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Will Republicans 'evolve' on gay marriage too?
An influential GOP pollster says his party should drop its opposition to same-sex marriage — or risk falling out of step with shifting public opinion
 
A same-sex marriage protest in California: With public opinion shifting in favor of gay marriage, one GOP pollster urges his party to "evolve" right along with President Obama.
A same-sex marriage protest in California: With public opinion shifting in favor of gay marriage, one GOP pollster urges his party to "evolve" right along with President Obama.
Mona Brooks /Demotix/Demotix/Corbis

Just days after President Obama announced his support for gay marriage, a respected Republican pollster urged members of his party to evolve on the issue, too. Jan R. van Lohuizen, who advised George W. Bush during his 2004 campaign, wrote in a memo leaked over the weekend that public opinion is quickly shifting in favor of same-sex marriage — by 5 percent a year since 2010 — and that the GOP needs to change with the times. He suggests that Republicans rationalize their support for gay marriage because "freedom means freedom for everyone," including same-sex couples who want to live without the government meddling in their lives. Is there any chance the GOP will follow his advice?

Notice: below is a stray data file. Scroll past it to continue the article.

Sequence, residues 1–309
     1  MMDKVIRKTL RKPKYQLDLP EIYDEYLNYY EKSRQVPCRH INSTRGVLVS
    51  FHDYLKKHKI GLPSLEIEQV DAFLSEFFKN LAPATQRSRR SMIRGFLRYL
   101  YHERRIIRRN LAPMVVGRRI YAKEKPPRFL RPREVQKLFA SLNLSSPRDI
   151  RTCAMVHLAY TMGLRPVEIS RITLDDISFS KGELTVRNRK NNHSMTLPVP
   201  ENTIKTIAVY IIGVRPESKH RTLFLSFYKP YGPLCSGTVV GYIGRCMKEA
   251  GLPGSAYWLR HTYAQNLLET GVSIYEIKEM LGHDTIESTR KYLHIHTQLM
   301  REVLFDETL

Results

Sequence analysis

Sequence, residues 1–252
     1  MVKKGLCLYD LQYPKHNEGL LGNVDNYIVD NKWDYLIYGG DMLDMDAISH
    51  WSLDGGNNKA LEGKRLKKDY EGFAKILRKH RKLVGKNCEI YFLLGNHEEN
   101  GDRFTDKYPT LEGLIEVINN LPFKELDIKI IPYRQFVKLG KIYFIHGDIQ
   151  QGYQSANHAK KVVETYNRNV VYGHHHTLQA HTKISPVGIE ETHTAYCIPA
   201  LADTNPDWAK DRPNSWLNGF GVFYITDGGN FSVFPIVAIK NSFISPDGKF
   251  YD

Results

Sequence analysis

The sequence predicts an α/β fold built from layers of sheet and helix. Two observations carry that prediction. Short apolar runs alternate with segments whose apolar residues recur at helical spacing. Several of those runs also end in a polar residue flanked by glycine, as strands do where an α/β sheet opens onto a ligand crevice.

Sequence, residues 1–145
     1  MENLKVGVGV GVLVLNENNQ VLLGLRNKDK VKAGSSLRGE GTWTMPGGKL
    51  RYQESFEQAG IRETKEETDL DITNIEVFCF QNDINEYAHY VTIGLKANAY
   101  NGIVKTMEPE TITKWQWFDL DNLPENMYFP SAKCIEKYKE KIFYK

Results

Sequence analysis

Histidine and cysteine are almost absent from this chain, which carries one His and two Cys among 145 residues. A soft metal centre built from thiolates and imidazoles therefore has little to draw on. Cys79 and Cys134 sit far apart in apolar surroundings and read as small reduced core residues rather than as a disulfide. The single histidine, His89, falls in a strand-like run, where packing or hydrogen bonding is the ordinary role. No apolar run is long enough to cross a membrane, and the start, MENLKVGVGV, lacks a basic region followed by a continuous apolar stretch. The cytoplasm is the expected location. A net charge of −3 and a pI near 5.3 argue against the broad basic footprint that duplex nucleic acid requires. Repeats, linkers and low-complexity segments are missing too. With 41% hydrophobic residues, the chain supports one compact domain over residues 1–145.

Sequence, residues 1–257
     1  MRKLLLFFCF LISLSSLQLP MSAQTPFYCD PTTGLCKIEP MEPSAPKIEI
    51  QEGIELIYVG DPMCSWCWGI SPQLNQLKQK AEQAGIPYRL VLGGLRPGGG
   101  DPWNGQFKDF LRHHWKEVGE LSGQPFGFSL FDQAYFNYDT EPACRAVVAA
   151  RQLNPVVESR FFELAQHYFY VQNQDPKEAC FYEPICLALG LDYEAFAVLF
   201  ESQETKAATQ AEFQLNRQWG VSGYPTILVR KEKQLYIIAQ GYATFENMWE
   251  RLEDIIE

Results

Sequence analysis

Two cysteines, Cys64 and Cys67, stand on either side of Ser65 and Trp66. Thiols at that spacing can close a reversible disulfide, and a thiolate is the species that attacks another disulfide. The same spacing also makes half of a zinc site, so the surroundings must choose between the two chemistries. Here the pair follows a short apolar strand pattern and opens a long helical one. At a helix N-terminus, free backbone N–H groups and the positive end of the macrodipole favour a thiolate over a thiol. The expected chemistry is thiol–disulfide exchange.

The GOP has to evolve to survive: "This is the GOP establishment talking to itself," says Andrew Sullivan at The Daily Beast. And obviously, some influential Republicans recognize that "they need to evolve and fast, if they're not going to damage their brand for an entire generation." But the most remarkable thing about this memo is that van Lohuizen is telling Republicans to back gay marriage because they're conservative, arguing that "it encourages personal responsibility, commitment, stability, and family values." The walls are "tumbling down."
"Top GOP pollster to GOP: Reverse on gay issues"

No. This would be a big mistake: Opposing gay marriage "is still a winning argument" for Republicans, say GOP pollsters Chris Wilson, Chris Perkins, and Byron Allen in a memo published at National Review. Republicans shouldn't abandon the "pro-family position" based on polling trends that may prove ephemeral. Remember, trends change, and support for gay marriage is still "a 50/50 issue." Besides, the economy, not gay marriage, will decide this election.
"Gay marriage positioning"

The GOP's evolution has already begun: The 2012 campaign represents the last gasp of GOP opposition to same-sex marriage, says Jay Bookman at The Atlanta Journal-Constitution. Republicans are trying to "use the issue quietly in social conservative back-channels" to drum up turnout, but "they know that raising the issue among voters in general would be dangerous." Americans are split on gay marriage but "unified against intolerance." Let's be honest: "We all know how this is going to turn out."
"Gay-marriage debate just a matter of time"

 

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